Once outside, I walked calmly out of the apartment building and down the various hilly streets until I reached the main road. Then - and I have no idea why, or what came over me - I started running. Perhaps it was the sudden fear that one of the men in business suits or high school boys eating ice cream might attack me; perhaps it was the realization that I could run just for the sake of running... that it was a cool night, that I was wearing running shoes, that nothing else was weighing me down, no time constraints, no bag, no crowds of people. It was completely exhilarating. It was everything that that overused expression "sense of freedom" could convey and more. I ran with a manic grin on my face that probably would have scared away any potential attackers, enjoying the feeling of the breeze playing across my face and the rhythm of my feet hitting the pavement. There was a long string of colourful round paper lanterns - pink, orange, green, yellow - hanging from tree to tree, celebrating the approaching holiday of Buddha's birthday, and they brightened my run and made me feel safe. Yes, apparently all it takes for me to feel safe out in the almost-central city at night is some paper lanterns. Should this worry me? Maybe.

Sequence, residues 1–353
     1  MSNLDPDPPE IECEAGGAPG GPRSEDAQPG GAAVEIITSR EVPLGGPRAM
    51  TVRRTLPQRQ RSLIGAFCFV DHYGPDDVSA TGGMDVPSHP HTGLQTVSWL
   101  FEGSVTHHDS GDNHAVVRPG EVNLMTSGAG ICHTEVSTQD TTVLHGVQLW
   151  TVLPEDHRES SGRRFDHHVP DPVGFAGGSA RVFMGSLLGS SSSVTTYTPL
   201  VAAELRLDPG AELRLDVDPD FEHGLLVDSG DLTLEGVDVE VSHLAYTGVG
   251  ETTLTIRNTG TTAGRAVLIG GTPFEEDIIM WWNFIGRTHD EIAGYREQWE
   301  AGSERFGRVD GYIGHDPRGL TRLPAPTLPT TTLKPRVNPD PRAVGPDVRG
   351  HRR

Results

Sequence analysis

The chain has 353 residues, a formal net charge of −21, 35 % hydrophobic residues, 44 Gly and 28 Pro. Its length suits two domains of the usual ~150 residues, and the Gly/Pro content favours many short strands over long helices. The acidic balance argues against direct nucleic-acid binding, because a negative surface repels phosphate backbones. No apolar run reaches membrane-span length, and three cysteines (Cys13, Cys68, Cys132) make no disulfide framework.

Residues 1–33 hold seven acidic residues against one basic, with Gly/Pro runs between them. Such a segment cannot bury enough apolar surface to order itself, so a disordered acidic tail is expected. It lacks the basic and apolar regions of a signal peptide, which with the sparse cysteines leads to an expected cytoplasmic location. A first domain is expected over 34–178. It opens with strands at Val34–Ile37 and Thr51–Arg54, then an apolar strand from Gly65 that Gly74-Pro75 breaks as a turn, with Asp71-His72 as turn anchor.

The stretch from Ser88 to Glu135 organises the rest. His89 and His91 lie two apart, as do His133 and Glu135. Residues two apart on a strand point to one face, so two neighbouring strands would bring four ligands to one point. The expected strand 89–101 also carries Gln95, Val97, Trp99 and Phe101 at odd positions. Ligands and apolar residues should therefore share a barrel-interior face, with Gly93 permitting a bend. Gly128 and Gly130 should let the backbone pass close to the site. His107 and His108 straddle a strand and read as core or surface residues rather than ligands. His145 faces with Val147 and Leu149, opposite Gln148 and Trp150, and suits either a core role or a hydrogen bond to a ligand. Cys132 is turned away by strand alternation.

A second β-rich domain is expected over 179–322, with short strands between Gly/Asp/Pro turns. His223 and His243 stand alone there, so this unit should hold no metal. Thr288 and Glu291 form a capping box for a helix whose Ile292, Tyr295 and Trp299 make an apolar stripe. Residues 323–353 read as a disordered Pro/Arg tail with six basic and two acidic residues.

Guided by the happy-birthday-Buddha lanterns, I ran until I reached the entrance to Insadong, which, admittedly is not very far from my home at all. But for a first sneaking out of the house excursion, I felt that was good enough, and besides, I was sweaty and wanted to be back in my pyjamas. Before heading home, I walked around and on the giant paintbrush statue on the corner of the street a few times, relishing the fact that nobody could judge me or shoot me weird looks. And then I turned around and ran back. Back the way I had come, back with the same manic grin on my face, with the same breeze and lanterns accompanying me. As I reached the bottom of the hill I live on, I made toward the convenience store to buy a drink, but I came to a terrified halt when I saw my dad sitting at a table outside the store. Panicking, I made a sharp right turn and ran full pelt up the hill without looking back until I remembered that my dad was sleeping in his bed and I had seen him there before I left the house. Paranoia is stronger than reason. At least it was for me at that moment.